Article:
Seated Saline Infusion Test in Predicting Subtype Diagnosis of Primary Aldosteronism

Hiroki Kaneko; Hironobu Umakoshi; Yuki Ishihara; Taku Sugawa; Kazutaka Nanba; Mika Tsuiki; Toru Kusakabe; Noriko Satoh-Asahara; Akihiro Yasoda; Tetsuya Tagami


Clin Endocrinol. 2019;91(6):737-742. 

In This Article

Abstract and Introduction


Context: Although saline infusion test is widely used as a confirmatory test for primary aldosteronism (PA), it is reportedly less sensitive in patients in whom aldosterone is responsive to the upright position by performing it in recumbent position. Based on a single-centre experience, seated saline infusion test (SSIT) has been reported to be highly sensitive and superior to recumbent testing in identifying both unilateral and bilateral forms of PA. However, due to limited participants number, the utility of SSIT needs to be validated in other series.

Objective: This study aimed to evaluate the accuracy of SSIT in determining the PA subtypes compared with adrenocorticotropic hormone stimulation test under dexamethasone suppression (Dex-AT).

Patients and Setting: Sixty-four patients with PA who underwent both SSIT and Dex-AT were included. Subtype diagnosis of PA was determined by adrenal venous sampling (AVS) (16 unilateral and 48 bilateral forms).

Main Outcome Measure: Plasma aldosterone concentrations (PACs) were measured after SSIT and Dex-AT.

Results: The area under the receiver operating characteristic (ROC) curve for diagnosing unilateral PA was greater in SSIT than that in Dex-AT (0.907 vs. 0.755; P = .023). ROC curve analysis predicted optimal cut-off PACs of 13.1 ng/dL (sensitivity, 93.8%; specificity, 79.2%) for SSIT and 34.2 ng/dL (sensitivity, 75.0%; specificity, 68.8%) for Dex-AT.

Conclusions: Seated saline infusion test has superior accuracy in subtype diagnosis of PA compared with Dex-AT. SSIT can be a sensitive test for determining patients who require AVS prior to surgery.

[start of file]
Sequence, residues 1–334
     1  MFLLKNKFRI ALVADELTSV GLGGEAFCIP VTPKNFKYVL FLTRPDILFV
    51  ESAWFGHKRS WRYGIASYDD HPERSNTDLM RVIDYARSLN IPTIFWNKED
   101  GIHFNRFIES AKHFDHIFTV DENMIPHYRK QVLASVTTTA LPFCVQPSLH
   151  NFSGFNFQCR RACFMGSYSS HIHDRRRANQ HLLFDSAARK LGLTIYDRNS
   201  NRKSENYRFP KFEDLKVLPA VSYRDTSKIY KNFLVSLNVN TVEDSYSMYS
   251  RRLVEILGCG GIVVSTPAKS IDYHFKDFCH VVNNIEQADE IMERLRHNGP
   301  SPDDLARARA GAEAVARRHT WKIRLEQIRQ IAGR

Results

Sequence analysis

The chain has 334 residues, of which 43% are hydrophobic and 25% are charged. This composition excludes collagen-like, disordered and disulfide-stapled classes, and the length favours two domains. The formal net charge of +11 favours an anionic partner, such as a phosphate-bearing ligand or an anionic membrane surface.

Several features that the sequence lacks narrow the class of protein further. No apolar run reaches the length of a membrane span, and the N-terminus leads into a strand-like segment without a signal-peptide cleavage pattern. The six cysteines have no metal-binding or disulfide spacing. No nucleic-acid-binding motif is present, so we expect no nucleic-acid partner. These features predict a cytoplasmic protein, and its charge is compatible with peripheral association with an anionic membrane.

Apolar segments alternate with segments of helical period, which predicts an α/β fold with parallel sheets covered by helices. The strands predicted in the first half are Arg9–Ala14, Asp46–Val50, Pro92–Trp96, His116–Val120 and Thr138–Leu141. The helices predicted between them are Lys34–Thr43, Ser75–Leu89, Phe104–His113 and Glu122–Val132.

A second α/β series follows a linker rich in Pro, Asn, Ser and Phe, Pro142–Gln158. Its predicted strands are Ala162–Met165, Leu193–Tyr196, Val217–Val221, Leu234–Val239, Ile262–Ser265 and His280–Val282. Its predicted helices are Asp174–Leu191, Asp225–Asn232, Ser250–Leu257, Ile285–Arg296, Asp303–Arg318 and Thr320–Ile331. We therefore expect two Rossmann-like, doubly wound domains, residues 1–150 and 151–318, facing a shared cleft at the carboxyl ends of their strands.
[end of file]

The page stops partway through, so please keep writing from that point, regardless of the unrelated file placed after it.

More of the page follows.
Primary aldosteronism (PA) is the most common cause of secondary hypertension and develops in 5%–10% of patients with hypertension.[1–3] Since patients exhibit various cardiometabolic complications associated with aldosterone excess,[4,5] early diagnosis of PA is important. Hypertensive patients with positive screening test undergo confirmatory tests, such as saline infusion test (SIT), captopril challenge test, oral sodium loading test, and fludrocortisone suppression test, to definitively confirm or exclude the diagnosis of PA.[6] If they are diagnosed with having PA and desire surgery, adrenal venous sampling (AVS) is performed to determine two major subtypes: unilateral forms, such as an aldosterone-producing adenoma (APA), and bilateral forms, such as idiopathic hyperaldosteronism. Although AVS is the standard procedure for subtype diagnosis of PA, it is invasive, expensive, and technically difficult and requires expertise of limited facilities.[7] It is desirable to predict subtypes prior to AVS with alternative procedures.

The SIT is widely used as a confirmatory test of PA because it is safe and requires a short time at the outpatient clinic.[8] A previous study[9] showed that seated saline infusion test (SSIT) was highly sensitive and superior to recumbent SIT in identifying both unilateral and bilateral forms of PA. Since recumbent SIT has the possibility of missing patients with PA in whom aldosterone production was responsive to the upright position, SSIT might be a reliable alternative to recumbent SIT. In contrast, the usefulness of recumbent SIT for predicting PA subtypes was demonstrated,[10,11] and it can be helpful in omitting unnecessary diagnostic procedures because PA subtype can be predicted with recumbent SIT as an established confirmatory test. Since plasma aldosterone concentrations (PACs) in unilateral forms were higher than those in bilateral forms for SSIT in a previous study,[9] SSIT may also be useful for predicting PA subtypes. However, due to the limited number of participants and a single-centre experience, endocrine clinical practice guidelines suggested to validate the utility of SSIT in other cohorts.[6]

The present study was performed to test the hypothesis that SSIT could be useful in the diagnosis of unilateral forms among patients suspected of PA because accurate diagnosis of unilateral forms of PA is crucial in clinical practice. To address this hypothesis, we compared the accuracy of subtype diagnosis between SSIT and adrenocorticotropic hormone (ACTH) stimulation test under dexamethasone suppression (Dex-AT), which was reported to be useful in the diagnosis of unilateral forms among East Asian patients suspected of PA.[12,13]